Wednesday, December 21, 2005

"Lessons From Narnia" Series: You Are What You Eat

(This is the second message in the series spoken on Dec. 11.)














There’s a billboard on Hwy 101 for Kaiser Hospital and it says this…

“You are what you eat. Who will you be today?”

Your physical health is tied to what you eat today and tomorrow. If you eat healthy foods you will be healthy. If you eat unhealthy foods you will eventually become unhealthy.

This isn’t true just about the food you eat, but also about other things you consume!

The information we consume, the experiences we consume, what we consume with our eyes and our ears, what we consume with our time, our energy and our thoughts WILL affect us emotionally, mentally, and even spiritually.

We are what we eat! Our results in life come from what we feed on!

Now, if we only hungered in all these different ways for good things this wouldn’t be a problem. But, the apostle Paul describes our situation in Romans 7:14-21…(NLT)

14The law is good, then. The trouble is not with the law but with me, because I am sold into slavery, with sin as my master. 15I don't understand myself at all, for I really want to do what is right, but I don't do it. Instead, I do the very thing I hate. 16I know perfectly well that what I am doing is wrong, and my bad conscience shows that I agree that the law is good. 17But I can't help myself, because it is sin inside me that makes me do these evil things.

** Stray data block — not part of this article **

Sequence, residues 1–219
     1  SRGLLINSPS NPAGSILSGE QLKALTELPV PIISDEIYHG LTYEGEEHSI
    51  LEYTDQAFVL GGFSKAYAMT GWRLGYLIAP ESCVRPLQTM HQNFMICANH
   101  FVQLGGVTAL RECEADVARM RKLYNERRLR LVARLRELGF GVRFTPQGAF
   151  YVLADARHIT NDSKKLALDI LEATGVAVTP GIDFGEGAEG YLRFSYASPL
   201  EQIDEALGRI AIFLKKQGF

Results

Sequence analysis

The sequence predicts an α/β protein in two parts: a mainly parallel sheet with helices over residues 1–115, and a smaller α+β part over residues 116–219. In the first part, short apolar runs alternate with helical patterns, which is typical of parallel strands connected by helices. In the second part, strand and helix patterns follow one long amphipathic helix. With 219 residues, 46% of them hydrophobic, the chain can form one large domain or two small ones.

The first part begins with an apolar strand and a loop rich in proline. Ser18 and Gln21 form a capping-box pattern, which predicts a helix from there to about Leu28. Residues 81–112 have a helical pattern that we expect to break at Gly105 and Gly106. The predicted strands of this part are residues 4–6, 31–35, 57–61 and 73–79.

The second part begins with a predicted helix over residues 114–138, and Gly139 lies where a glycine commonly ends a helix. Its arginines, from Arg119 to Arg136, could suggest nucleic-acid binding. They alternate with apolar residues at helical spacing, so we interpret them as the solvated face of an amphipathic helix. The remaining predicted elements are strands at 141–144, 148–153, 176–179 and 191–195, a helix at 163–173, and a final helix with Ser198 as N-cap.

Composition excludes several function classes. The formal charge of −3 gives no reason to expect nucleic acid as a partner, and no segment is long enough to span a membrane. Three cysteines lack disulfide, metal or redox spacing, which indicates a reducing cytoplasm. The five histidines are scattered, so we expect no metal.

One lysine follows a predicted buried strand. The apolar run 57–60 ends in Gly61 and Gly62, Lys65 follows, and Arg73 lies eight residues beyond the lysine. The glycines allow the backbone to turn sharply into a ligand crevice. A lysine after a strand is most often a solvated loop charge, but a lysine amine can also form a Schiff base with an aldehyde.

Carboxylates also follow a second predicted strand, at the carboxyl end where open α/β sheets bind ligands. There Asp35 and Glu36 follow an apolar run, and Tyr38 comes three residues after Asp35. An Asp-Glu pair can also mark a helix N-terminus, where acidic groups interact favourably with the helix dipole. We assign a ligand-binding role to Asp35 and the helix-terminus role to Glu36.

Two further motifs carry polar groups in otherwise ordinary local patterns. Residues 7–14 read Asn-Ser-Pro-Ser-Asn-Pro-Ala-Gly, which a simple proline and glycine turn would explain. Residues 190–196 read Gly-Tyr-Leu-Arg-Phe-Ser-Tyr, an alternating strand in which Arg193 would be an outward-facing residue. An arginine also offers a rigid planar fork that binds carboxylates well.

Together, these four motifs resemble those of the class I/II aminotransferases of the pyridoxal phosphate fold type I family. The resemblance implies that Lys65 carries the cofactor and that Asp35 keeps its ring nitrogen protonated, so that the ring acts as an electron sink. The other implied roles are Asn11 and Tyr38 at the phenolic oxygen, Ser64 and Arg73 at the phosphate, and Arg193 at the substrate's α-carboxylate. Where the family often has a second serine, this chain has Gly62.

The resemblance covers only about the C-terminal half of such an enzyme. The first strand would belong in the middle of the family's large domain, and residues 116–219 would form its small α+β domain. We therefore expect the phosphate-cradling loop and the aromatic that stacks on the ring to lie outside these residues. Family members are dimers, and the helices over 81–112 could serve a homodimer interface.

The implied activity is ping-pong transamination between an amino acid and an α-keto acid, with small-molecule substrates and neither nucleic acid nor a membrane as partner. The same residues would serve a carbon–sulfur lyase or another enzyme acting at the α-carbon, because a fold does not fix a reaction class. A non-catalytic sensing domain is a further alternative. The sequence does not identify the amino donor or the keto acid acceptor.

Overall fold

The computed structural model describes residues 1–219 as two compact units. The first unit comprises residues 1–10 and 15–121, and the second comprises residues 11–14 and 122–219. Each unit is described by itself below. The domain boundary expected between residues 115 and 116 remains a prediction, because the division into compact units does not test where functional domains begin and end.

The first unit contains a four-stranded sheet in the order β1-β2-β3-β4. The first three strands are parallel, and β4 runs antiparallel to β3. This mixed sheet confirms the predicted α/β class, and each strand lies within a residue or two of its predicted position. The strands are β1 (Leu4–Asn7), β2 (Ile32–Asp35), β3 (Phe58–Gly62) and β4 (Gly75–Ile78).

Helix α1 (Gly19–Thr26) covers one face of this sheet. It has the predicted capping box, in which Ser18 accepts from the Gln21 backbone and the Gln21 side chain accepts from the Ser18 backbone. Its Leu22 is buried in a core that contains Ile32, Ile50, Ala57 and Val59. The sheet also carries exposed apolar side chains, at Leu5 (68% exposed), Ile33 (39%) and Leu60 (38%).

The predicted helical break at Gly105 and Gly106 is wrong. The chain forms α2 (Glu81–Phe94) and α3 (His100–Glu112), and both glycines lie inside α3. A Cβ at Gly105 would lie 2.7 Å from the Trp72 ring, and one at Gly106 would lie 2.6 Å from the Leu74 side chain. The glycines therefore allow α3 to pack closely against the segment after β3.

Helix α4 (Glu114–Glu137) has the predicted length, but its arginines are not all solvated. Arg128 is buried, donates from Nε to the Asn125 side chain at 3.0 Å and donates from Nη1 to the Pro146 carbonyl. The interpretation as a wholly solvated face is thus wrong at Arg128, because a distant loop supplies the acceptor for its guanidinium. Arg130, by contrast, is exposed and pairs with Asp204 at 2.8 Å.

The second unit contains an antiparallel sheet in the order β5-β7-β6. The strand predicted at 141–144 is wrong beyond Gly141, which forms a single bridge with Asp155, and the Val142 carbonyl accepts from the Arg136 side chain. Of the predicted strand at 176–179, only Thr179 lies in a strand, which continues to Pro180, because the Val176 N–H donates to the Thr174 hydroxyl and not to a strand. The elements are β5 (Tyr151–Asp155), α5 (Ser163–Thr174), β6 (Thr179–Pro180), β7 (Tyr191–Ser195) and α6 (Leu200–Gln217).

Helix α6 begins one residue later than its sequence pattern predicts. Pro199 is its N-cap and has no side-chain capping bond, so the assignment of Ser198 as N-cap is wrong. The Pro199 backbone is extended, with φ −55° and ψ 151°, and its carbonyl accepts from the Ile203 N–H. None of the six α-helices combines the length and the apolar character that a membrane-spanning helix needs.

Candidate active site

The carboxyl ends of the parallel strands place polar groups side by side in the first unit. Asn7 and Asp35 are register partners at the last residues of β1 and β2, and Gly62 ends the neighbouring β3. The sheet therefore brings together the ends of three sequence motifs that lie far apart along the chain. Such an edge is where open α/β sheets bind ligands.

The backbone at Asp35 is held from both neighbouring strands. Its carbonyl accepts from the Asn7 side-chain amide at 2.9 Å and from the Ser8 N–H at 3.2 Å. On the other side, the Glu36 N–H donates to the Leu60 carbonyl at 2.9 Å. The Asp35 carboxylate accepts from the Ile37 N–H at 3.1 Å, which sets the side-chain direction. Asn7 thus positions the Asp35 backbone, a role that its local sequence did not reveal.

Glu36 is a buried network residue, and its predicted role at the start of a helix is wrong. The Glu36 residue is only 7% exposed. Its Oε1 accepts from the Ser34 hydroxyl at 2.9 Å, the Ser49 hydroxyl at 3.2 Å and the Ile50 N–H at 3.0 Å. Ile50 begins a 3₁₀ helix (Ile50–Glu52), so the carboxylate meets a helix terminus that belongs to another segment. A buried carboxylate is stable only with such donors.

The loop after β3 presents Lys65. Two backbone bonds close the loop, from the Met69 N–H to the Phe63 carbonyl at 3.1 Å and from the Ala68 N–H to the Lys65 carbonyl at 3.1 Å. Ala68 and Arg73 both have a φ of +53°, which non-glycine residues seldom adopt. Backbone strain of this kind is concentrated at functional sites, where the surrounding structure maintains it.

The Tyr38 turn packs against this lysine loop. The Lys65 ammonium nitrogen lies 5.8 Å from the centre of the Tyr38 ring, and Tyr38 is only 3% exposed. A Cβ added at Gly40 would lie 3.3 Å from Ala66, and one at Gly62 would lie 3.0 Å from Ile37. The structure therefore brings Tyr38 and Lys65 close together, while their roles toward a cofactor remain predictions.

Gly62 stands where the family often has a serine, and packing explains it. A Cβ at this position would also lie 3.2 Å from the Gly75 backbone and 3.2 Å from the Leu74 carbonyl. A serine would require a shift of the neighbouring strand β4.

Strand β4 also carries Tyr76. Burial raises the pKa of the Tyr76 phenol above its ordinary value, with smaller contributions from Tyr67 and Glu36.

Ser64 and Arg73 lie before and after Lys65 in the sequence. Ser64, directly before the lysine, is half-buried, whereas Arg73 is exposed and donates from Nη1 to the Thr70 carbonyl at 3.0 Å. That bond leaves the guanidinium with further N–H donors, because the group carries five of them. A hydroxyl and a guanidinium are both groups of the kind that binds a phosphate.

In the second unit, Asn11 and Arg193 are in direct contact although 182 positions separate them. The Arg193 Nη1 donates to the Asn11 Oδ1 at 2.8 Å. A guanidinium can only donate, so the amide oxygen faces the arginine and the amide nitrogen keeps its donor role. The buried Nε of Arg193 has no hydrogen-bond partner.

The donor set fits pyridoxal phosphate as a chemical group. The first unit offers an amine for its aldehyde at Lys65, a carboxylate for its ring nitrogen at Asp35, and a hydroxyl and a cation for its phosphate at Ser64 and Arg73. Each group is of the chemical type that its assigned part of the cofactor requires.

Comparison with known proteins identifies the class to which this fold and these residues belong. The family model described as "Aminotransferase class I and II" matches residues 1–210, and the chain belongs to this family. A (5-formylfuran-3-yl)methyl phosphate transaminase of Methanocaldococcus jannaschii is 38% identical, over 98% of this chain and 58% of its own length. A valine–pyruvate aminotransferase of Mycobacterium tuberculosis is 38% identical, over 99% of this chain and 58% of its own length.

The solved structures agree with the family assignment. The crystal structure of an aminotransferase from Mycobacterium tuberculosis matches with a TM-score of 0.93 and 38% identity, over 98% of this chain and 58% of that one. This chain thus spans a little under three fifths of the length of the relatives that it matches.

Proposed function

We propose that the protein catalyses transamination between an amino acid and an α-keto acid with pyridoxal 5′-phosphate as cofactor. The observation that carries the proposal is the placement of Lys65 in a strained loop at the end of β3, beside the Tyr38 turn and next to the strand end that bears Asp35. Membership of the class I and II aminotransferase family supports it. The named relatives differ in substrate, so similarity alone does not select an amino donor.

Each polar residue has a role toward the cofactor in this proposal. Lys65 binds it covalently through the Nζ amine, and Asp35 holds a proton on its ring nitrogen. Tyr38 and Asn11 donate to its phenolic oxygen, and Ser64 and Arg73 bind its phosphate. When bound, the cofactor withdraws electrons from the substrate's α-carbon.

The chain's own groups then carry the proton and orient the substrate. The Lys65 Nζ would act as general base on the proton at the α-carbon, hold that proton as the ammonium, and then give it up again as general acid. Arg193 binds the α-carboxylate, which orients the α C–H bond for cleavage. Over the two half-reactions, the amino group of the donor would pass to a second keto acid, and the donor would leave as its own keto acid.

18I know I am rotten through and through so far as my old sinful nature is concerned. No matter which way I turn, I can't make myself do right. I want to, but I can't. 19When I want to do good, I don't. And when I try not to do wrong, I do it anyway. 20But if I am doing what I don't want to do, I am not really the one doing it; the sin within me is doing it. 21It seems to be a fact of life that when I want to do what is right, I inevitably do what is wrong.”

Today, we’ll look at the character Edmund from “The Lion, The Witch And The Wardrobe”.

When we look at this kid and his choices we’ll see a reflection of ourselves!

But, before we start I want to make sure something is clear.

I want to say some thing up front about the book and the movie “The Lion, The Witch And The Wardrobe”.

It’s not a Christian book or a Christian movie!

Here. Let me tell you what it says about this on Dummies.com…